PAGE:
from the demonic-chicken-lady-told-me-to dept
Social media outlets like Twitter have been rightly criticized for being comically inept when it comes to handling hate, hoaxes, and propaganda. But when conversations bubble up on how best to actually solve these issues, social media tends to get the lion’s share of the blame for Americans’ aggressive susceptibility to bullshit. In many of these conversations, Americans’ susceptibility to bullshit is somehow seen as a new phenomenon, and Twitter and Facebook are exclusively to blame for American heads getting filled with gravel and disinformation.
In reality, America’s gullibility problem goes much deeper, and it’s going to take a lot more than some Facebook wrist slaps to actually address it. Case in point: you’ve probably seen something about the “Momo challenge” hoax that’s everywhere. The short version: the hoax claims there’s a viral game making the rounds on services like WhatsApp that involves a demonic-looking chicken lady goading young children into acts of violence or even suicide. In the game, images of said bird lady supposedly press kids harder and harder until they engage in violence like some Japanese horror flick.
Except there’s nothing to the claims; and the photo being used as the cornerstone of the hoax was just an art gallery piece that first bubbled up back in 2016:
And while social media certainly played its part in circulating the hoax, the cornerstone of the spread was more traditional, brick and mortar institutions. Local news outlets, gutted over the last few decades thanks to media consolidation and budget cuts, played a huge role in the origins of the Momo hoax — with only a fraction of the criticism faced by social media outlets. Many of the earliest reports first popped up on local media outlets in Argentina; reports that were then parroted by outlets like Fox News without much in the way of original reporting or skepticism.
Ultimately the hoax spread to major news outlets that perpetuated it via “bothsideism” news coverage that failed to adequately explain that neither the game nor Momo were actually real. Take The Washington Post, for example:
“The game, which many are calling the ?Momo Challenge,? requires players to complete escalating tasks that are usually dangerous and involve self-harm. But, given the challenge?s mysterious origins and the unreliability of news reports linking it to actual harm, some question whether it?s simply another one of the many hoaxes that breed on the Internet.”
Yes! If only there were, say, journalists who were resourced to investigate this and actually make the truth clear to their giant audiences, one way or another! In the clickbait era, the truth is often dull, and therefore doesn’t sell. So a lot of outlets engage in “both sides” reporting because the chance there’s a demonic chicken lady telling kids to kill themselves makes a lot more money than debunking nonsense does.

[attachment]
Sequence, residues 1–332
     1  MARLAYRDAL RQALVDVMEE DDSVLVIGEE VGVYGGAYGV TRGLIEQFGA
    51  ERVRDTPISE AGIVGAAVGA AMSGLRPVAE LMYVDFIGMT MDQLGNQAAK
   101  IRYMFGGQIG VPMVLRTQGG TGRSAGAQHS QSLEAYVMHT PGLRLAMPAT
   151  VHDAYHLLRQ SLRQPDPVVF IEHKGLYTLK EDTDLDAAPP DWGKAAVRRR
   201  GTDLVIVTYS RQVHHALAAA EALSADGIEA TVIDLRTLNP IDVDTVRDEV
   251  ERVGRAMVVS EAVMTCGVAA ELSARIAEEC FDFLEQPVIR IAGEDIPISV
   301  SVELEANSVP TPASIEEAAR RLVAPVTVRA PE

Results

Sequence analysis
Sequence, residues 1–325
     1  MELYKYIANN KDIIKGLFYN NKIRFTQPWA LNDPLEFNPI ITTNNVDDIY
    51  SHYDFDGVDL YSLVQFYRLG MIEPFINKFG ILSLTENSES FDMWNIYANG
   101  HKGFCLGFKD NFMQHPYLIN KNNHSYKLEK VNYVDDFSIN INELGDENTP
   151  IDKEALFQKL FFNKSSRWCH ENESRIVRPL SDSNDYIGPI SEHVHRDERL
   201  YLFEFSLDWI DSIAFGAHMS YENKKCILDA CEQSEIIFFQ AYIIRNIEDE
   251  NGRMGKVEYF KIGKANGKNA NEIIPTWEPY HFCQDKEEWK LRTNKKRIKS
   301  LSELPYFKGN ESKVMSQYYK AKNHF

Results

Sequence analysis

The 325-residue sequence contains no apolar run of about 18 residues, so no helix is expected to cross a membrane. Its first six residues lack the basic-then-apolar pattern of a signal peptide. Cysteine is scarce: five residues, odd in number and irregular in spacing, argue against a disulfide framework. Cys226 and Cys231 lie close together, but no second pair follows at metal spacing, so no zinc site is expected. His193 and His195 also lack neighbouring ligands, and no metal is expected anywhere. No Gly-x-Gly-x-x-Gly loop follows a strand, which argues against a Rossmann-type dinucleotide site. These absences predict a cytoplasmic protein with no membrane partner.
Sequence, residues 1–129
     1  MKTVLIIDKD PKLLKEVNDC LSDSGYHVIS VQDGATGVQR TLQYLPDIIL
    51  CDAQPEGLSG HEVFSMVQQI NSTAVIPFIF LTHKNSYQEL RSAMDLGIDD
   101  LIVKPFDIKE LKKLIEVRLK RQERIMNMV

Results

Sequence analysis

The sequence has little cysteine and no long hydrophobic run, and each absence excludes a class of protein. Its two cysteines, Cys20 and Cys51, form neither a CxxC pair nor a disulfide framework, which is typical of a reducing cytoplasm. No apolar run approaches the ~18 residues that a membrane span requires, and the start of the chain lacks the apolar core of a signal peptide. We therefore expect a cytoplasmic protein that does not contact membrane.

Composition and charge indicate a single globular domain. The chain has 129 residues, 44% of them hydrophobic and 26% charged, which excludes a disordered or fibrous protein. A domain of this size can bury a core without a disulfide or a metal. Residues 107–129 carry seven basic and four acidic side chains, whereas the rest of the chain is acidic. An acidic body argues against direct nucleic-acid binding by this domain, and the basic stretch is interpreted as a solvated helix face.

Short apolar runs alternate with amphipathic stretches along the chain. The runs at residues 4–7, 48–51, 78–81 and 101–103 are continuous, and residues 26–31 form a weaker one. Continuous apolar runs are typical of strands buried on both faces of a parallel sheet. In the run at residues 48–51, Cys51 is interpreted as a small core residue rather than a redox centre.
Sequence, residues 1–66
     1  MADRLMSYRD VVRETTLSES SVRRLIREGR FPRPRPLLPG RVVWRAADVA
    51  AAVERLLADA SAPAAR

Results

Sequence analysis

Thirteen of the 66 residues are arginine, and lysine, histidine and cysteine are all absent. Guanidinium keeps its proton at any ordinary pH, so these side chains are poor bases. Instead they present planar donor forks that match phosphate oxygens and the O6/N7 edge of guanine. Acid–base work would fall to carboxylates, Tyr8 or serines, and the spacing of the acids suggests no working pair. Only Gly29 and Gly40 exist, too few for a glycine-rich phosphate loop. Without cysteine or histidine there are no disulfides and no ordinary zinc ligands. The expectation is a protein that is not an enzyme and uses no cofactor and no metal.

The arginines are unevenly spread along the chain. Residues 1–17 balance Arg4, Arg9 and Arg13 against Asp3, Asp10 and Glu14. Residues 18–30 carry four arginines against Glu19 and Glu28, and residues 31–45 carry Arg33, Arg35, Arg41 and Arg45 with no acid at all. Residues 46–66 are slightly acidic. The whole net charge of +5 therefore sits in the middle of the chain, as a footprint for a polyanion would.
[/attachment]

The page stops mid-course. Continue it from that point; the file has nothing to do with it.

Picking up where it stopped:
The dysfunction was global, and was often aided with the help of celebrities, schools, and law enforcement officials. In the UK, schools warned parents that the Momo game was being “spliced” into YouTube Fortnite videos. In Ireland, the police warned the public that the game was not only real and diabolical, it was being run by hackers who are looking for personal info. And when celebrities like Kim Kardashian decided to “help,” they directed their fans’ ire toward YouTube:
“Parents please be aware and very cautious of what your child watches on YouTube and KIDS YOUTUBE. There is a thing called ?Momo? that?s instructing kids to kill themselves, turn stoves on while everyone is sleep and even threatening to kill the children if they tell their parents,? read one of the two posts Kardashian West, 38, shared along with a plea asking YouTube to ?Please help!?
Of course, YouTube certainly has other problems related to kids and perpetuating bullshit like flateartherism, but a demonic chicken goddess trying to convince kids to off themselves isn’t among them.
Yes, the internet does make it easier than ever to spread bullshit at unprecedented scale; but any notion that this is something new or exclusively the fault of social media misses the point. Hoaxes wouldn’t work if we cultivated stronger critical thinking skills (read: improved education) and focused on finding ways to finance and reward quality reporting. Human susceptibility to bullshit is not some new phenomenon, and many of the same worries about the expedited threat of disinformation plagued the early newspaper industry.
Social media isn’t blameless, but it’s also in many ways just a window into our existing dysfunction, not the exclusive origins of the dysfunction itself. Fixating exclusively on social networking lets the press, police, and the general public off the hook for our multi-generational susceptibility to a bottomless well of bullshit, be it delivered via social media, the police, educators, or your hometown newspaper.